Copyright © 1996 by David Jones. All Rights Reserved. Friday, May 17, 1996

Kids, Mischief, and Bombs

'tis the season

[fireworks] TORONTO -- This Victoria Day weekend, at both Ontario Place and Canada's Wonderland, the evening sky will be lit up with colourful fireworks displays.

So it's little wonder that the curious minds of mischievous teenagers are working overtime, thinking about how they can get in on some of the excitement.

It's been this way since I was a wee lad. Since before the Internet.

But that isn't stopping the Alberta press from heaping all the blame for this perennial interest in `things that go boom' on the Internet.

[model rocket] Last week, after a 14-year-old Calgary boy injured his hand when he ignited some model-rocket propellant, the Calgary Sun may have exaggerated, just a little, when they wrote that he was ``lucky he didn't blow his family's northwest home to bits.'' Police say the boy got a bomb recipe off the 'net. ``Decent, sensible people,'' the Calgary Sun editorialized, ``demand controls on the Internet.''

[Fruitabomber] This week, just after school was out for the afternoon, a watermelon was ``detonated'' in an Edmonton bus shelter. According to the Edmonton Sun, police are now tracking the elusive ``Fruitabomber'' and asking merchants to be on the lookout ``for young men buying large pieces of fruit.'' It would be funny, if it weren't so sad. ``Police are now convinced the `melon felon' made the bombs using instructions found on the Internet,'' the article continued.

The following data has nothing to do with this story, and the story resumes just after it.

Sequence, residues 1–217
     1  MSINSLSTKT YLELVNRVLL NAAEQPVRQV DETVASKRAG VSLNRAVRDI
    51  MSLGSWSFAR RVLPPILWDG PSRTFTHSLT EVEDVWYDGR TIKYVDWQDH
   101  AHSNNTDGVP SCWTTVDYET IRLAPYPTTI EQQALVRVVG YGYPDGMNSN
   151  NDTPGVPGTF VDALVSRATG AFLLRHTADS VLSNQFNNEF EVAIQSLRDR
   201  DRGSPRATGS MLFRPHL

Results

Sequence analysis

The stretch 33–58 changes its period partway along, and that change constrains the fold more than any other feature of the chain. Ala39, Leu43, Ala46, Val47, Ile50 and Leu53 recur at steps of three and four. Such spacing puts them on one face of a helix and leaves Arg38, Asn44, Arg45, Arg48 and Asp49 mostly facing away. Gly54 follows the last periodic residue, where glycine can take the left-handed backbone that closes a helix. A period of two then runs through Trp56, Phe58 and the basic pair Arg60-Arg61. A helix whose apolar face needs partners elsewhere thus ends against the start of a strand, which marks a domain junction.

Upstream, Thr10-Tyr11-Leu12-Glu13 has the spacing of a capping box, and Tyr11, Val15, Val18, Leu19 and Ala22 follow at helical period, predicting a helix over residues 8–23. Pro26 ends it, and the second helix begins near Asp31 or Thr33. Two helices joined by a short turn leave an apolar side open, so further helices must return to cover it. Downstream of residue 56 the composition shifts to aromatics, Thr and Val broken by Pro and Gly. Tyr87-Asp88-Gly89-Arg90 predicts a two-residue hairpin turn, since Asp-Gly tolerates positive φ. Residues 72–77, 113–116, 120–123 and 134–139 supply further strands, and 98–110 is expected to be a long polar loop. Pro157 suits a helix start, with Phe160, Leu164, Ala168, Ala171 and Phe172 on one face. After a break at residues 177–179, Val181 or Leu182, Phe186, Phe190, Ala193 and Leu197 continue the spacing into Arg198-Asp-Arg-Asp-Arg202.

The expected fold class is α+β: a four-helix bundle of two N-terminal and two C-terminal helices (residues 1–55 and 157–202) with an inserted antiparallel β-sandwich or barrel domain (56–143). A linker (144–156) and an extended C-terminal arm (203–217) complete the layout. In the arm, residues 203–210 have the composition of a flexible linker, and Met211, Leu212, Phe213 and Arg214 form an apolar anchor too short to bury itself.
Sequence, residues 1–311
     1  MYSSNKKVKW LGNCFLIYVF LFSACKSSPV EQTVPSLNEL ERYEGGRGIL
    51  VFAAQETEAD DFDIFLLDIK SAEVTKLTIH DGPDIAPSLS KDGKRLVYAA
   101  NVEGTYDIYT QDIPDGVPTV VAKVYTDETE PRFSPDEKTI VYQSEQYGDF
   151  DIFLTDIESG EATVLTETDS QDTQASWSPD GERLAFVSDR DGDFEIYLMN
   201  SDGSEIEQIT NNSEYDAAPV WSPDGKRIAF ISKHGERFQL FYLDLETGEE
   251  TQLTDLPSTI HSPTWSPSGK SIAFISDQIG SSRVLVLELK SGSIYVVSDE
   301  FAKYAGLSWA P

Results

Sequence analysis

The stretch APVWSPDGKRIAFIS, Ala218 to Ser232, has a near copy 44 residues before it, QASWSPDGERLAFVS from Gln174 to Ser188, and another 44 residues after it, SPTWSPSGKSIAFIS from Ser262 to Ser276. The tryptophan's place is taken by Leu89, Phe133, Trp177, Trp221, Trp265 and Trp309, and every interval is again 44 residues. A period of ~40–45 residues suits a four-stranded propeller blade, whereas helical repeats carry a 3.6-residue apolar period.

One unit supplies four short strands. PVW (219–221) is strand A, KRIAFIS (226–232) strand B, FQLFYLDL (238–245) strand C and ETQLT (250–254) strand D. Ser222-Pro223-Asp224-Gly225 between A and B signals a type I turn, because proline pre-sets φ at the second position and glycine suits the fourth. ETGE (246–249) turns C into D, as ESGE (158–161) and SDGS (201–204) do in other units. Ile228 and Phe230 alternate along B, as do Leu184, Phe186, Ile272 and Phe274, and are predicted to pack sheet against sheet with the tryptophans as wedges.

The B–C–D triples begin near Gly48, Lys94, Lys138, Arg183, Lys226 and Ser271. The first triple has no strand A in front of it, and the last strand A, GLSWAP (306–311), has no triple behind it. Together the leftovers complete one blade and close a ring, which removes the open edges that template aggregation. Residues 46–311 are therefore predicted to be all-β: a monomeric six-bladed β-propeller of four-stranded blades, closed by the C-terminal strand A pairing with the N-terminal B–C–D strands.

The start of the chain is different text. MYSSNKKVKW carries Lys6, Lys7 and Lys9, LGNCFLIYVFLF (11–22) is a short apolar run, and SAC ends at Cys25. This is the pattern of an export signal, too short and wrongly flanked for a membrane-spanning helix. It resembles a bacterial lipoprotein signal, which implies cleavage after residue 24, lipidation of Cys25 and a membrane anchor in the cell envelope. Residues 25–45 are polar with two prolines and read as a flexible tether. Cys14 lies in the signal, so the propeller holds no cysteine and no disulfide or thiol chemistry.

Neither the Calgary Sun nor the Calgary or Edmonton Police seem concerned, however, about a book available in the children's section of the Edmonton Public Library, entitled ``The Way Things Work: an Illustrated Encyclopedia of Technology'', which contains detailed information on making gunpowder, including a list of ingredients, their exact proportions, and detailed diagrams.

... or concern about ``The Anarchist's Cookbook'', distributed in Canada by Peterborough-based Marginal Press. Included in the book are instructions for making various kinds of home-made bombs. It's available at Audrey's Books in Edmonton and the World's Biggest Bookstore in Toronto for under $40. Both stores say it's a big seller.

And for some reason, reporters didn't manage to speak to anyone at the Calgary high school where principal Del Hack says model rockets are used as a demonstration in science class. It's easier to blame the Internet, even though, last time I checked, you can't actually download gunpowder using your computer.

Parents, this is the weekend we like to watch colourful explosions in the sky. It's fun. It's exciting. There's no denying that.

Pulling books about explosives off library shelves, or censoring the Internet will not protect our young children from their own curiosity.

People often say `a little knowledge is a dangerous thing'. Since there's no hope of keeping fireworks a secret as they dazzle us overhead, perhaps now is the time to take a moment and explain to your sons and daughters why explosives are unpredictable, and dangerous.

David Jones is president of Electronic Frontier Canada, a non-profit organization protecting freedom of expression in cyberspace, (watermelon image courtesy of eye weekly)

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